How to Quit Your Job With Class

How to Quit Your Job With Class

You've just accepted an offer for a job with a different company, and you're ready to kiss your current employer goodbye. In fact, given the choice, you'd call in sick for the next two weeks and never return.

First things first - you need to tell your current employer you're leaving.

What can you do to make your transition as smooth as possible without burning any bridges?


Give your notice in person to your manager. Assuming, of course, that this is possible - sometimes your manager works remotely, making this infeasible. But giving your notice face-to-face allows you to show the utmost respect.

• Be grateful. Thank your manager - profusely - for the opportunities they have given you. Even if you hate your job, show gratitude for what you gained.

• Tell your manager that the decision to leave was a difficult one. It takes a lot to leave a job behind, even a difficult job.

• Talk nicely about your employer and co-workers. Make clear that your employer runs a nice place to work, implying that you'd like to leave the door open in the future.

• Provide a written letter of resignation. HR will want this for the files, but even if they don't, it's a nice way to provide a written record of your gratitude for the opportunity.

• Give at least two weeks' notice. This will provide ample time to facilitate the transition of your function at work. It takes time for everybody to learn what you're working on and distribute what you've been handling.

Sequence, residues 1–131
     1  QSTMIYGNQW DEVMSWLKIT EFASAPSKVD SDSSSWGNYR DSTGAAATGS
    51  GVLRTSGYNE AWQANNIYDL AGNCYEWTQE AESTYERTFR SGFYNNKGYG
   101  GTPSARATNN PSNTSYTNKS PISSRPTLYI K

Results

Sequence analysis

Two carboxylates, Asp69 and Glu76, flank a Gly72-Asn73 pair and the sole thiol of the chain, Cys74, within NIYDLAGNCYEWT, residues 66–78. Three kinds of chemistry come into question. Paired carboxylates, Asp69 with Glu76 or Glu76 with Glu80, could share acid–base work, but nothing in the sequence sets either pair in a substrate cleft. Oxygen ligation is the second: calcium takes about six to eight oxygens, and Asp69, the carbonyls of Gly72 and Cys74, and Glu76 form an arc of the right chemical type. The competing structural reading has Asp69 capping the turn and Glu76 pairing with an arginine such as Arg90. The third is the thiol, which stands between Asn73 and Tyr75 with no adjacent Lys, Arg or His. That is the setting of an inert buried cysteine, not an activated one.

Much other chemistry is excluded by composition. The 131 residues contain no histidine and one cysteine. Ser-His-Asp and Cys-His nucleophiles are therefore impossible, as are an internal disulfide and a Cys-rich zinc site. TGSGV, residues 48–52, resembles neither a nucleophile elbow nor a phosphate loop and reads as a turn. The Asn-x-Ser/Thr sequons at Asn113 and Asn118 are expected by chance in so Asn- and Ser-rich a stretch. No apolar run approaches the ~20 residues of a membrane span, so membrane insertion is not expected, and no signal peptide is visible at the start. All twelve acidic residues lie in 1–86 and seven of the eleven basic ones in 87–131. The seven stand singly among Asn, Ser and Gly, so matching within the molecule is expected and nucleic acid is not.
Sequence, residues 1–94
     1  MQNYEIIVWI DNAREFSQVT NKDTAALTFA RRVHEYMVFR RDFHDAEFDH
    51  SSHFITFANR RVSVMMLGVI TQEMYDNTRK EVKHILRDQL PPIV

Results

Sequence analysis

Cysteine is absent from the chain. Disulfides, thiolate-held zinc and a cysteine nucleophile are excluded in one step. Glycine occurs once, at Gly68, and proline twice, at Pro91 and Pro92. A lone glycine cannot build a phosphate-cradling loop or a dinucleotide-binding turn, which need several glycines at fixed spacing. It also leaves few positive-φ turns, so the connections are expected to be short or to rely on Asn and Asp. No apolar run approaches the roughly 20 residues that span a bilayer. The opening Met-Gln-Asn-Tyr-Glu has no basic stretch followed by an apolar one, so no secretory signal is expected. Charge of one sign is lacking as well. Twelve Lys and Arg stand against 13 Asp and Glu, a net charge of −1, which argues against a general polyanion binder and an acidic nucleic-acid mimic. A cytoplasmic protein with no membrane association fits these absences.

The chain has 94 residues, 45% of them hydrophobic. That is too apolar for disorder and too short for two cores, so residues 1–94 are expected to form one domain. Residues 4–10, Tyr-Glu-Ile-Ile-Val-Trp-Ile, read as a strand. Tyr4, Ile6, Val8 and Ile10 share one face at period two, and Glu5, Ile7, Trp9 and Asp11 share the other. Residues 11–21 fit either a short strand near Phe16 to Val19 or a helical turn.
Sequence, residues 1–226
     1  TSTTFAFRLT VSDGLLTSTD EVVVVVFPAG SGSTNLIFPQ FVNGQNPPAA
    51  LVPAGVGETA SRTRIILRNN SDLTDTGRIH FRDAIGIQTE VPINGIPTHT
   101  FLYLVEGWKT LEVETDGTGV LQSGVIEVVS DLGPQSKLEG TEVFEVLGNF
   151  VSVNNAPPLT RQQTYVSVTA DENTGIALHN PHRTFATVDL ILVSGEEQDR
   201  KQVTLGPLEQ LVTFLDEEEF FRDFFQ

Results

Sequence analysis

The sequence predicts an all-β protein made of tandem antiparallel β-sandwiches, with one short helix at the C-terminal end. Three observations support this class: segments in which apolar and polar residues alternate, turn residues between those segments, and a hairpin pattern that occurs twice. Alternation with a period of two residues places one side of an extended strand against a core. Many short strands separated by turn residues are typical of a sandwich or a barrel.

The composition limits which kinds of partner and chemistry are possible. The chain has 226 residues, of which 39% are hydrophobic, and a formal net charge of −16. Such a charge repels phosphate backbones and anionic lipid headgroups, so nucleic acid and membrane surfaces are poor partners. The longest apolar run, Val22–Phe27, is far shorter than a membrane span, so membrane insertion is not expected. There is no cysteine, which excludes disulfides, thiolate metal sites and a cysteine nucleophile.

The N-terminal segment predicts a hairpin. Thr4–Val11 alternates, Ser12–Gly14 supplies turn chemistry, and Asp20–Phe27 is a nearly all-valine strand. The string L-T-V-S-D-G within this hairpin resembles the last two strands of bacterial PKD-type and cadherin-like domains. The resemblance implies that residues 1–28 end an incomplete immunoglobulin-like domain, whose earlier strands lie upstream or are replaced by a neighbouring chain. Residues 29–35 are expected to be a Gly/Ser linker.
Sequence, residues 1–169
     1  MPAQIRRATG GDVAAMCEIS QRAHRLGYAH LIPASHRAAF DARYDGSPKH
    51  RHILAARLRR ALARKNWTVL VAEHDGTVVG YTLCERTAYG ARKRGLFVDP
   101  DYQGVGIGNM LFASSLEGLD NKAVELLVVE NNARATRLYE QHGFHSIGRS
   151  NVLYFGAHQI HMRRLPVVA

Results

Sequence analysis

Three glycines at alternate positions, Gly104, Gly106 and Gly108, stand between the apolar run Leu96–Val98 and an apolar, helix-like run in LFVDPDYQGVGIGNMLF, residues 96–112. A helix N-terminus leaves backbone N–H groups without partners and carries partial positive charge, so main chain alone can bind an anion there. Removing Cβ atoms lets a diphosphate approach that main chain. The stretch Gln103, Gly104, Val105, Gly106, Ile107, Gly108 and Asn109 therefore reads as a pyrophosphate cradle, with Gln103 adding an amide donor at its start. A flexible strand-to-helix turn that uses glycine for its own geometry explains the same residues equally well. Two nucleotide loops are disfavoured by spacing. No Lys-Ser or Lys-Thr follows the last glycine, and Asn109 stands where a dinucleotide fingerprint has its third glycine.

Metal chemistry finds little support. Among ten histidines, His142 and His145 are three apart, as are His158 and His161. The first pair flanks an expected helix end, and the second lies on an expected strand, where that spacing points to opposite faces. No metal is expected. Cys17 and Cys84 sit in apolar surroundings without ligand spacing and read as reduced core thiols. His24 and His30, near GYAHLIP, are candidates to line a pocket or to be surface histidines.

• Be fair and balanced in your exit interview. The exit interview isn't an opportunity to unload every grievance you've been carrying around since the day you started; it's a chance for you to give objective feedback about what the company can truly do better. Choose what you say wisely - maintain a positive tone, and only bring up things that can be realistically changed. And pointing out all that stuff you don't like about your boss (and will never change) won't make you look good. I hate to say this, but filter what you say...



• Badmouthing your coworkers or boss. What will you gain, except some ill will from people you may run into again?

• Telling the company you'd entertain a counteroffer. Counteroffers are a difficult topic even when your employer brings it up. But when you solicit a counteroffer for the company to keep you, you look like a greedy jerk who went out and got another job offer so that you could hit up your current employer for more money. You'd look incredibly disloyal.

• Giving less than two weeks' notice. Unless there's a truly extenuating circumstance, give and honor two weeks. Otherwise you're leaving your employer high and dry.

• Taking all your vacation and sick days after giving your notice.  Why bother giving notice if you're not going to be around to help with the transition?


Scott Singer is the President and Founder of Insider Career Strategies Resume Writing & Career Coaching, a firm dedicated to guiding job seekers and companies through the job search and hiring process. He is a Human Resources professional and staffing expert with almost two decades of in-house corporate HR and staffing firm experience, and is a Certified Professional Resume Writer (CPRW) and Certified Professional Career Coach (CPCC).

Insider Career Strategies provides resume writing, LinkedIn profile development, and career coaching services, including a free resume review. You can email Scott Singer at, or via the website,